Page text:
• Good Heavens! What am I going to write about?
  • Where do I begin? 
  • That page looks like an ocean and I have to fill it word by word. Oh no!
  • I can't think. What will I say? 
  • How will I fill this page?
  • Can I do the assignment on time?
  • Will what I write be drivel or worthwhile?
A freelance writer might have altogether different reactions with thoughts like this:
  • I love beginnings so this page is perfect for me.
  • I've got a deadline; how will I have the right number of works by then?
  • What if Writer's Block attacks? The page might remain blank.
  • What if I fill the page with nothing but stupid things?
  • Am I a good enough writer to put something worthy on this page?
  • Will an editor want to publish what I put on this page?
  • Will readers give good reviews to my offerings
We can look at this blank page as either inspirational or terrifying. We can also consider it a challenge. How would you consider the blank page? 

Tuesday, March 13, 2018

Surface Writing Or Soulful Writing?

My apologies for not getting a new post up on Monday. We spent the entire day traveling home from my brother's funeral services in North Carolina. It's a time to be with family where we love and support one another at a sad, and sometimes unexpected, loss. 

I had written Friday about getting those family stories written, not just told. On Saturday evening and all day Sunday, I heard one family story after another. Laughter accompanied some and others brought tears. Of course, there was no time to write them this week-end but that must be done in the coming days. 

The poster above seemed particularly appropriate since I started writing a poem mentally on one of our flights yesterday. I was too tired to read, an unusual occurrence for me, so I closed my eyes to rest. Words began to float through my mind, words about my brother whose life we had just celebrated the previous day. Before I knew it, a verse of a poem had put itself together. Four lines that came phrase by phrase. I grabbed a slim piece of paper in my purse and wrote them down. One verse that came from my soul. One verse that cries for a beginning and an ending which will come in time. When finally done, I am certain I will share it and that it did come from my soul.

Give some thought to the quote above. We all like to put pretty words together, words we hope will please our readers. If you share a part of your soul when you write, the words will be more than pretty. They will be memorable, gratifying, uplifting, possibly beautiful. 

There is surface writing and soulful writing. Which one do you think will be the better kind of writing? When we write on the surface, we are trying to get a job done. We pull words from the air and from our mind to achieve our goal in a particular project. There's nothing wrong with that. Many a professional writer writes surfacely, especially when facing a deadline.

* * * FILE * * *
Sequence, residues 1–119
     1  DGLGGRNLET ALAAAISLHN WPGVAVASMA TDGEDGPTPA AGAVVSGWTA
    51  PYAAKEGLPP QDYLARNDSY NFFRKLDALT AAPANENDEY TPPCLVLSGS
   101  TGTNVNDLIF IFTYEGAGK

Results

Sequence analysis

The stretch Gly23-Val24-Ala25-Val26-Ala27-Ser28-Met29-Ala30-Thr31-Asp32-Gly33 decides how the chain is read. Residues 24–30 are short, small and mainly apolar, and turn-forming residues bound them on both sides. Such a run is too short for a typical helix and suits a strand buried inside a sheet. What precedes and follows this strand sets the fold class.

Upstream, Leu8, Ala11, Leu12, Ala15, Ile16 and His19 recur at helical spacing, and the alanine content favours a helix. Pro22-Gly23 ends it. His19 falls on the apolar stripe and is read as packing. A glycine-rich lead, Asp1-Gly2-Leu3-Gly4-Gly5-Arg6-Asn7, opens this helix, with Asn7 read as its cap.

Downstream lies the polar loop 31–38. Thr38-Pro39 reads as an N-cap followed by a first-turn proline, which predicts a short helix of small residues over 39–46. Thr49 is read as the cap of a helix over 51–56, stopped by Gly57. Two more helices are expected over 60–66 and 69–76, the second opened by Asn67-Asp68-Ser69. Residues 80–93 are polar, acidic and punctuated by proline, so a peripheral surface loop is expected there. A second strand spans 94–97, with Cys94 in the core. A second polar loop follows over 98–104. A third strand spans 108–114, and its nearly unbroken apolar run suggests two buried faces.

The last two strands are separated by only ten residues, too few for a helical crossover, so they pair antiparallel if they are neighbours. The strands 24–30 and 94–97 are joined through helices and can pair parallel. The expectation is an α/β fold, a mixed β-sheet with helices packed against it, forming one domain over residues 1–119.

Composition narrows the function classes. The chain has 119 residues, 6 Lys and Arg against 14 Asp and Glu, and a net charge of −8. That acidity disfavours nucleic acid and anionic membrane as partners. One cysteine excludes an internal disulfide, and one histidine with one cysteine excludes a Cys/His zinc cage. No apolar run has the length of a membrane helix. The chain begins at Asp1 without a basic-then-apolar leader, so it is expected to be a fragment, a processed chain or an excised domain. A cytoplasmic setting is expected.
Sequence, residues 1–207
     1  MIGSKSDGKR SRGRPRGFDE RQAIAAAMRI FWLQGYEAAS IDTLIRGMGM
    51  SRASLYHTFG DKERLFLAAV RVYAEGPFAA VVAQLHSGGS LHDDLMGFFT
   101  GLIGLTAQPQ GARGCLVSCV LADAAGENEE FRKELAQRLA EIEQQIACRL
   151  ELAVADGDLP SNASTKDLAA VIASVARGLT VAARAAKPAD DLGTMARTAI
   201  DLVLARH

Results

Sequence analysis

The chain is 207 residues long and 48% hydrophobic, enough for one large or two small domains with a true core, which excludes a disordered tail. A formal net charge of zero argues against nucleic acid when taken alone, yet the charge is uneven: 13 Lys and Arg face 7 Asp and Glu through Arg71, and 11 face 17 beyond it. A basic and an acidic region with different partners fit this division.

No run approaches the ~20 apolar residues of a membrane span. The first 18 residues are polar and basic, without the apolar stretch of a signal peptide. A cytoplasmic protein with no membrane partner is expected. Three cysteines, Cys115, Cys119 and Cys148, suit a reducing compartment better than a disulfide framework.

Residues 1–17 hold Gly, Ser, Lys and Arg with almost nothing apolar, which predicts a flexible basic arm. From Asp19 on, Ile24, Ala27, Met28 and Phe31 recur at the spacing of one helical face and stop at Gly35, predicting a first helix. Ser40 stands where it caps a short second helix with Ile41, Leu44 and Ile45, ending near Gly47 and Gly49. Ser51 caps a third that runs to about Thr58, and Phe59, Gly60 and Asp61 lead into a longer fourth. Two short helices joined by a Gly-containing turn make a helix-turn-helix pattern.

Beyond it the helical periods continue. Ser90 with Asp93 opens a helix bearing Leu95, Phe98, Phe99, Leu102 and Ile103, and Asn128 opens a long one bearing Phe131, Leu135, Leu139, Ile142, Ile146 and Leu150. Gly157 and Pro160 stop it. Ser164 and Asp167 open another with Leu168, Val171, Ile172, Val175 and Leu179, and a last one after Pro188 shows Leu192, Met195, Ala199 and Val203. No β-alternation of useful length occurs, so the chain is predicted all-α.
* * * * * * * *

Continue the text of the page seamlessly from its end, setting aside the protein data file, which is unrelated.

It's the projects where we write by pulling the words from heart and soul that will often be remembered by readers. For me, there is no doubt that soulful writing is going to be our best. 

If you have a few minutes, take a look at some of the things you have written, ones published or not yet published. Can you label them with surface or soulful? Can you tell why those labels are on each one? Does it make you want to be a soulful writer the majority of the time? It's something to keep in mind as you begin each new piece.

I am hopeful that the rest of the poem I plan to write can be as soulful as the one verse that has emerged so far. 

Friday, March 9, 2018

Family Stories Are More Important Than We Realize

The picture above is of me and two of my three younger brothers, taken in 1947. The third one didn't come along until 7 years later. At the time of this photo, I was 8, Howard on the left was 4 and Paul, in the middle, was under a year. Howard was brunette and Paul and I had auburn hair. I remember that my dress was aqua blue.

Paul, aged 71, passed away in his sleep Wednesday night. He had faced multiple health problems from infancy to the very end. Even so, his death was a shock to all his family and friends. We will gather as a family to celebrate his life this week-end in North Carolina, far from the Chicago suburb where we all grew up. As we all married and made several moves, we spread pretty much from coast to coast.

Even so, we have kept in touch through the several means of doing so we now have. Somehow, on phone calls, texts and emails, the miles disappear. When we have the rare opportunity to spend time together at a wedding, or as now, a funeral, the "Remember when...." stories emerge one after another.

Several years ago, I made a book of Family Stories for each of my three brothers. I had thought about it for a long time but had not taken the time to accomplish the project. I'm sure many of you have had the good intentions and not quite made it happen. Please do it sooner rather than later.